As I delve deeper into the question of how to help people in recovery effectively provide themselves with the core nutrients their brains need both to heal from addiction and to support a robust Recovery Journey, I am appalled by the general lack of attention being paid to this key aspect of treatment and recovery.
The National Association of Recovery Residences, which take their lead from SAMHSA, have no standards guiding how programs feed their clients. SAMHSA itself has no such standards either. CARF, an international credentialing body, often considered the gold standard, only requires that their clients consult with a registered dietician once a year regarding menus.
The Joint Commission, another large credentialing body, has the same requirement but does ask that a nutritional history be taken during the bio-psycho-social assessment to identify any special diet compliance issue or possible eating disorder.
In speaking with nutritionists and dieticians who work in residential programs, their impression is that frequently, client nutritional needs is an afterthought. Much money and many resources are sunk into other aspects of treatment, but feeding people is haphazard at worst and often well-intended but un-informed at best. As an example, one residential addiction treatment program in West Virginia had to farm out their food service to a local Sports Bar, because no other restaurant or catering service in town was willing to take the contract.
Thus, the fare is typical low-nutrient density bar food, and the bar is unwilling to improve the quality of their offerings. None of this was thought about or given priority before the program opened.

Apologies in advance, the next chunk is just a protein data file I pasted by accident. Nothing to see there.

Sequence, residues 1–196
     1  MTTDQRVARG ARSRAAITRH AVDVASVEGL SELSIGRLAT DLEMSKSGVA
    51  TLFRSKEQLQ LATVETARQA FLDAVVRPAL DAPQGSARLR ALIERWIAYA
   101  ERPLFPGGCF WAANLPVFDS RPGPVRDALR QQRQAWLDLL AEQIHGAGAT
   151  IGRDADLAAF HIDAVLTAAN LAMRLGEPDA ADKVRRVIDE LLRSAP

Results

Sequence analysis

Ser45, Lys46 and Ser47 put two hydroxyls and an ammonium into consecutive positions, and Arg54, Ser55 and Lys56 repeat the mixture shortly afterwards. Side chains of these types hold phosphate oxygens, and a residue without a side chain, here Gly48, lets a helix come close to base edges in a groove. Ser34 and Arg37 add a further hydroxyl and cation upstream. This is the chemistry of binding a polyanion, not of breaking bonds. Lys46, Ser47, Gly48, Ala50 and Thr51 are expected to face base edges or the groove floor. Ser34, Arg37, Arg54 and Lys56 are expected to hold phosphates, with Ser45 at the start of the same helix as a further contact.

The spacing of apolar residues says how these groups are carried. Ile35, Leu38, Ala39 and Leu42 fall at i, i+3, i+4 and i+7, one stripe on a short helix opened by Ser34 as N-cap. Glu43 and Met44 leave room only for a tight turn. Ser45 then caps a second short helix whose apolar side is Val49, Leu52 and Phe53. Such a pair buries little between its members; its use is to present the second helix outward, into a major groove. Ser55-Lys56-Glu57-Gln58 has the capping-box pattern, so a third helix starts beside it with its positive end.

Another residential addiction treatment program draws their kitchen staff from their ex-con clientele and gives them a food check each week to procure food from the local Sam’s Club and Walmart.
No guidance regarding menus, shopping lists or dietary requirements is given. When I performed a site visit, lunch was buffet style. Offerings were limited to peanut butter and jelly, white bread, lunch meat, condiments and packages of plain ramen noodles. They have a high early-discharge rate.
We believe that the poor quality of food in many treatment programs and often the lack of addiction-focused nutrition education is an underlying reasons for people both leaving treatment early because of their intolerable mental health symptoms, and the high relapse rate post-treatment, often due to a starving brain.
To remedy this, my non-profit, Eating Protein Saves Lives ., has initiated a multi-pronged endeavor, which includes the creation of potential Standards, and our new Nourish and Thrive Kit which will offer free menus, shopping and pricing lists and an implementation guide. If this is an area that interests or concerns you, please read more below and consider joining our Collaborative Panel, or financially contributing to our efforts.